Do you have questions about VA IRRRL streamline mortgages or about VA home loans in general? If so, ask us below in the comment section and we'll do our best to answer them for you!


Topics: VA IRRRL

New Mortgage Rules

Posted by Jordan Blakley

Jan 30, 2014 4:00:05 PM

mortgage_rules_blog_picNew mortgage rules and regulations went into effect January 2014. The biggest changes involve new rules intended to protect borrowers from loans they cannot afford to repay. Other rules reduce the government's guarantee for mortgages in high-cost areas.

Qualified Mortgage and Ability-to-Repay Rules

On paper, the new Qualified Mortgage (QM) rules from the Consumer Financial Protection Bureau (CFPB) look like they might restrict mortgage availability. New "ability to repay" rules require lenders to review borrowers information to ensure they can afford to repay the mortgage. The Qualified Mortgage is a new category of loan that is supposed to improve the borrower's ability to repay. It has the following features:

  • Have terms no longer than 30 years
  • Have a maximum debt-to-income ratio of 43 percent -- meaning that if you make $5,000 per month, your total debt payments can't exceed $2,150
  • No interest-only periods, negative amortization, or balloon payments (in most cases)
  • Have combined points and origination fees of 3 percent of the loan amount or less (loan amounts below $100,000 have higher limits)

The "ability to repay" portion of the QM rules include the following:

  • The lender must collect and verify your financial information, such as your current income, assets, employments status, credit history, and other debts
  • The lender must look at your assets and income to determine that you can repay the loan

These rules might seem strict, but here's the good news: 87.2 percent of the mortgages made in 2012already complied with these new rules. While non-QM will not be eligible for purchase by the GSE’s or FHA, non-QM loans are not illegal, but their availability will likely be limited to jumbo loans made by larger banks.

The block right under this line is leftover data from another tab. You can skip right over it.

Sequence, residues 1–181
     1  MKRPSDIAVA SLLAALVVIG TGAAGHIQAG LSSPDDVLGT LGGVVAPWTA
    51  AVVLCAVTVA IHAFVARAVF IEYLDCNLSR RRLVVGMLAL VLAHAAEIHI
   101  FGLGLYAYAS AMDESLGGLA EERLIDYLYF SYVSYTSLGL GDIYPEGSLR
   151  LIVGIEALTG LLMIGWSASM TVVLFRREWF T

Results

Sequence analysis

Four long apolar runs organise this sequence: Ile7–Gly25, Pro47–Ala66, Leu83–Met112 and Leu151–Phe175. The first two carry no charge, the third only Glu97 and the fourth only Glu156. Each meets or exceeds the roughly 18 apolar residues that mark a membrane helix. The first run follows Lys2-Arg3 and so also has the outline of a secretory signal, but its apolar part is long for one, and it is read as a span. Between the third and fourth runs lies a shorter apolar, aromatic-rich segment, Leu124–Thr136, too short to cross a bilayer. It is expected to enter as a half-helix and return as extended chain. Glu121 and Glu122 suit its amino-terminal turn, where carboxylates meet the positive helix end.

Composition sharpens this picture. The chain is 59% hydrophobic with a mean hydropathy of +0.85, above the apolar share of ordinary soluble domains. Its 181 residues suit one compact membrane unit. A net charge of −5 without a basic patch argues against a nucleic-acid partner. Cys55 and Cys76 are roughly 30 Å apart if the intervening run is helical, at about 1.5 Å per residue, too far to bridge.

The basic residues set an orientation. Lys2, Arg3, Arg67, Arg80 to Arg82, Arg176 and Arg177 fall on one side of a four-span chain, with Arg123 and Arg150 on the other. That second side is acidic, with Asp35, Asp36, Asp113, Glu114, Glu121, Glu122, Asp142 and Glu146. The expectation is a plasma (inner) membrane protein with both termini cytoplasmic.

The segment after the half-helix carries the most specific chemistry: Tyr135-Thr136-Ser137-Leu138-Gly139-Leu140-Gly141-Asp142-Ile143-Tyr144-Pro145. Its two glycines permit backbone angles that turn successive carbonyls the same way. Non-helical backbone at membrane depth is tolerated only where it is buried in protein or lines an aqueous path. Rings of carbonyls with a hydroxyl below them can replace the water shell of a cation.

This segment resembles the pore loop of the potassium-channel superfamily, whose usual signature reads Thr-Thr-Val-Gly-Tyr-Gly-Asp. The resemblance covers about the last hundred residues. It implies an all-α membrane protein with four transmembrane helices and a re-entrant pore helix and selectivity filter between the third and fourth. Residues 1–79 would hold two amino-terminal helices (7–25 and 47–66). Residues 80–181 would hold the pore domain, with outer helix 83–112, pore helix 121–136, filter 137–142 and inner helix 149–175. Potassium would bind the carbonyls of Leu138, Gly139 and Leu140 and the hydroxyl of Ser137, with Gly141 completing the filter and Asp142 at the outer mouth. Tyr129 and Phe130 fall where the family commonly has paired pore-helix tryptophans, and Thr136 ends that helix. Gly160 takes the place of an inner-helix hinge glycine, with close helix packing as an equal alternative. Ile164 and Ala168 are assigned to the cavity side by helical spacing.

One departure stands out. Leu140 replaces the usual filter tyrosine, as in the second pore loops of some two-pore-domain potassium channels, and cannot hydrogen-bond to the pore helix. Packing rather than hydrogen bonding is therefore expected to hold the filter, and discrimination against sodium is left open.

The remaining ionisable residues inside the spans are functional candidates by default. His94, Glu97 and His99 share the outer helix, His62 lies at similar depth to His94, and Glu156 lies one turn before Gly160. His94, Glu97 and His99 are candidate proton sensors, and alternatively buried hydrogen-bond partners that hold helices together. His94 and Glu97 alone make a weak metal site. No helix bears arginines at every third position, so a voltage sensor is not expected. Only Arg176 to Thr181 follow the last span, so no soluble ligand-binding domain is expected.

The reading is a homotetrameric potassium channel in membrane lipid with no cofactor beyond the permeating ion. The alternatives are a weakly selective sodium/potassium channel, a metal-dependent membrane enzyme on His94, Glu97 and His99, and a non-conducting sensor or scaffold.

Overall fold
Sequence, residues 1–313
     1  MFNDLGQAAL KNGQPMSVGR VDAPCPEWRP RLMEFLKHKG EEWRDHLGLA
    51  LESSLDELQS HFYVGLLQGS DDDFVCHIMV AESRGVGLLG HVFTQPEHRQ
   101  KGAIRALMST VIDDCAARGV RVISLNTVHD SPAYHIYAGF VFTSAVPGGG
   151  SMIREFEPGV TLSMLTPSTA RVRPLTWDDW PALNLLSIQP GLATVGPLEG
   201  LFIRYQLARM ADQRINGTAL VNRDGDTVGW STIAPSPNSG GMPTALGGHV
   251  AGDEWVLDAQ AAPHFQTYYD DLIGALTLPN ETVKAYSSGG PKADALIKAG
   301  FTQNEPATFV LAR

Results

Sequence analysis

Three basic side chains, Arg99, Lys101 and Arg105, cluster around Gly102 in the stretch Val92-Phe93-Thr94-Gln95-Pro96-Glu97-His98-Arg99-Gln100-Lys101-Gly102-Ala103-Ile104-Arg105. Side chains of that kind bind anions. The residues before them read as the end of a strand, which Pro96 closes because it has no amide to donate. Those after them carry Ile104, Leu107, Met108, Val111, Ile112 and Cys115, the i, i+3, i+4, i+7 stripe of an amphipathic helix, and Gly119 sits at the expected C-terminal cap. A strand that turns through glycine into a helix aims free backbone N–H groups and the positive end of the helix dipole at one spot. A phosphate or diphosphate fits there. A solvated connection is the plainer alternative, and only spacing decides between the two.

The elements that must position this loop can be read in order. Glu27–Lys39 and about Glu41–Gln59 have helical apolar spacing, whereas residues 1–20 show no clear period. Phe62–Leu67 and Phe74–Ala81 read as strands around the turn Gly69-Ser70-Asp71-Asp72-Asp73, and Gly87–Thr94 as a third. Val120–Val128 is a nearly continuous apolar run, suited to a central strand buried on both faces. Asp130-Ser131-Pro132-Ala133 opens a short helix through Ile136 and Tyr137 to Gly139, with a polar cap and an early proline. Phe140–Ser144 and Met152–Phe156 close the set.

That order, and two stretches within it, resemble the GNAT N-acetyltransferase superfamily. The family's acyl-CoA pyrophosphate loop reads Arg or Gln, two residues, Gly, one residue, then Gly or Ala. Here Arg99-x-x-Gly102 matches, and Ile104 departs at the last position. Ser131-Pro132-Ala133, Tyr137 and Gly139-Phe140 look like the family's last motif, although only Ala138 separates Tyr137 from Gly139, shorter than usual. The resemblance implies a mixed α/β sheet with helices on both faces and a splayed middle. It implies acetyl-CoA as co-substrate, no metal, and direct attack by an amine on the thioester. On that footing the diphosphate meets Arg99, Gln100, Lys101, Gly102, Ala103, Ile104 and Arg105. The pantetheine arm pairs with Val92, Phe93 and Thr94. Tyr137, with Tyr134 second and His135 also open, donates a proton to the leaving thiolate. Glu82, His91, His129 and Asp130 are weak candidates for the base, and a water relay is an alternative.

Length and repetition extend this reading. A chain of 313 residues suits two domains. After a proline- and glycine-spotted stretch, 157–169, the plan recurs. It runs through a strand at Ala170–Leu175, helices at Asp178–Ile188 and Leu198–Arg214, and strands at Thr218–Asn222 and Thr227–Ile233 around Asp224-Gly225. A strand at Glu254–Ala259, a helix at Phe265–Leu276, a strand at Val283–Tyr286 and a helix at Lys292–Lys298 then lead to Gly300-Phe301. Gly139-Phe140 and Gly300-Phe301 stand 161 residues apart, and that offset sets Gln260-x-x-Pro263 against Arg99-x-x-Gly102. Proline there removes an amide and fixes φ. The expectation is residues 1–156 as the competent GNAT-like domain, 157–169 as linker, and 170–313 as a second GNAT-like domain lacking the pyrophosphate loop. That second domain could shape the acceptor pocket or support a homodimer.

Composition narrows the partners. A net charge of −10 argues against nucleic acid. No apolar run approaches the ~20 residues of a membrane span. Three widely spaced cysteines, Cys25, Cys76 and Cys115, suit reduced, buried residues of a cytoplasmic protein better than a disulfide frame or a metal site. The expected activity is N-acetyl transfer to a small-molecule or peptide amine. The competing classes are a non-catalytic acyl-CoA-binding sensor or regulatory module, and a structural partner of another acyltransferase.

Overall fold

Changing FHA Rules

The popular Federal Housing Administration mortgage program is also going through changes. Starting on January 1, 2014, it lowered its maximum loan in high-cost areas from $729,750 to $625,500. This means that borrowers in higher-cost homes may need to find a jumbo mortgage instead of an FHA loan. While this won't affect most American home buyers, it can impact people in high-cost areas like San Francisco, New York, Los Angeles, and Washington DC.

This change is in addition to the higher mortgage insurance premiums that the FHA put into effect in April 2013. Since then, mortgage insurance premiums run 1.35 percent to 1.5 percent of loan balances. Paying these higher FHA mortgage insurance premiums is often the trade-off for borrowers wanting to make the 3.5 percent minimum down payment that FHA loans permit.

The Bottom Line on 2014 Mortgage Changes

These 2014 mortgage changes may affect some borrowers more than others. Self-employed borrowers, small business owners, and people living in high-cost areas could see more impact than other borrowers. The description above is a high-level summary - you'll want to talk to a licensed loan officer to see how these rules affect your situation.